Kitna works instead of worries

2-13-02, 6:20 p.m.

BY GEOFF HOBSON

There was a good chance Jon Kitna would bump into Trent Dilfer Wednesday at a conference in Dallas. But they probably wouldn't be talking about the Bengals quarterbacks job.

Michael Sullivan, Dilfer's agent, has told newspapers and radio stations in Cincinnati, Chicago and Washington that his client is interested in their teams when free agency opens March 1.

Sullivan has been emphasizing how Dilfer's statistics in his 19-1 stretch as a starter dwarf those of Drew Bledsoe in the same 20 games. In his radio appearances, Sullivan has talked about stats showing Dilfer's yards per completion in his last 20 games even higher than the numbers belonging to NFL passing leader Kurt Warner in this past season's 16 games.

Bledsoe, backup for the Super Bowl champion Patriots, has been linked to the same three clubs via a possible trade. "The Boston Globe," even speculated the Patriots might be interested in right outside linebacker Takeo Spikes or middle linebacker Brian Simmons for Bledsoe.

The Bengals have indicated they are considering adding a quarterback via April's draft or free agency. But they can't comment about which quarterback they like, or if they plan to pursue one of them before March 1.

Kitna, the incumbent starter coming off an AFC low passing rating of 61.1, has been oblivious to the buzz about his job.

"You'll drive yourself crazy listening to that stuff this time of year and a lot of it is ridiculous," said Kitna, two weeks into a stepped-up off-season program.

"About 20 teams are talking about the same two guys. I'm not going to sit here and plead my case. We needed time to grow as a team and for guys to learn what I was all about. The longer you play together, the better off you're going to be. You may strike it rich, but I don't think that's the way to go. I'm super excited about next year, especially after how we finished this year."

Kitna threw for 751 yards in the Bengals' last two games of this past season in engineering wins over Pittsburgh and Tennessee. Offensive coordinator Bob Bratkowski acknowledges the club needs another veteran quarterback with the health of Akili Smith up in the air.

But he also won't bury Kitna in the continuing debate of what kind of quarterback helps the Bengals more: Kitna in his second year with the same system and receivers? Or a new quarterback in a new system with new receivers?

"He's going to be better. Everybody is going to be better. I guarantee it," Bratkowski said. "Jon Kitna will be here next year and we'll have a quality quarterback in him.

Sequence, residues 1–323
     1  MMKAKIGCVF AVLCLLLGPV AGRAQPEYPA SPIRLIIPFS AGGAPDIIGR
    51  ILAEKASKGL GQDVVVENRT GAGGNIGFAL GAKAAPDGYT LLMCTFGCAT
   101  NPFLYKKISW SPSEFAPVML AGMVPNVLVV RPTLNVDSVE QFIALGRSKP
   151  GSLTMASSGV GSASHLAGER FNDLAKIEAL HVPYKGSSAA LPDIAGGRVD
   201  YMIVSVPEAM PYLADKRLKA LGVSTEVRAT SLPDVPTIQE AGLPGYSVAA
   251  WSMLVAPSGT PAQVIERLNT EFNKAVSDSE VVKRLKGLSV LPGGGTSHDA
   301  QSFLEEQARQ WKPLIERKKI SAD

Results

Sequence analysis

"If some other quarterback is here along with him, we'll be extremely solid at quarterback. We have to have someone else. It's important because if Jon is the only experienced quarterback, and Akili isn't ready to go, who do you play with (if Kitna can't)?"

Smith, seven weeks off surgery to repair a torn hamstring, visited Cincinnati this week and was given the go-ahead to take his rehab to the

next level in his bid to be ready for the first week of training camp.

"This league is all about covering your butt and I can understand what the Bengals are trying to do," said Smith, who is to miss all of minicamp and the month of voluntary workouts.

"I think I'm going to be back in time and ready. It's getting better every day," Smith said. "But I guess they feel like they need to be sure. I can't worry about that. The only thing I can do is make sure I get back as soon as possible."

Bratkowski is reviewing the passing game this week and is trying to figure out how it could be so good, so bad, and so ugly all in the same season.

In the same year that Kitna threw seven touchdowns and four interceptions in the Bengals' six wins and came up with the biggest passing day by a Bengals quarterback in 11 years, he also threw five touchdowns and 18 interceptions in the 10 losses and went 26 straight quarters without throwing a touchdown pass to a wide receiver.

"There's no doubt that Jon can do better," Bratkowski said. "But it's evident that the people around him have to be better. How can I say everyone will be better? I look at the end of the season. Look at those last two games and we were on the same page. People were making plays for him. He was throwing it to spots and guys were getting there."

In an effort to show that Dilfer is a big-play quarterback, Sullivan has released to the media his study that found Dilfer has 15 touchdown passes of 20 or more yards and 10 scoring passes of 40 or more yards in his last 20 games compared to Bledsoe's three touchdown passes of 20 or more yards and two of 40 or more yards.

Kitna has nowhere near those numbers, with two touchdowns passes of 20 yards or more this past season. But Bratkowski is also looking at other numbers.

"We went through 110 snaps with six-man pressures," said Bratkowski of Kitna's work against blitzes. "He took two sacks. A lot of that has to do with Jon organizing the protections, knowing it, knowing the site adjustments and hot reads. The line did a nice job, but Jon managed it because he had to make those calls.

"Our completion percentage was 53 percent," Bratkowski said of those snaps, "which wasn't good enough. We had a number of drops in those situations, but he handled that extremely well."

Kitna is at a Christian Outreach conference this week that involves athletes, where he expected to run into Dilfer. He doesn't know him well enough to phone, but they are aware of each other's faith. Faith is what makes Kitna oblivious to the buzz.

Instead, he is concentrating on building up what he calls "the core," of his body.

"I'm trying to trim some weight and work on my hips, stomach and back," Kitna said. "The flexors and abdomen. It's going to make me more flexible and I'm hoping it gives me more explosiveness."

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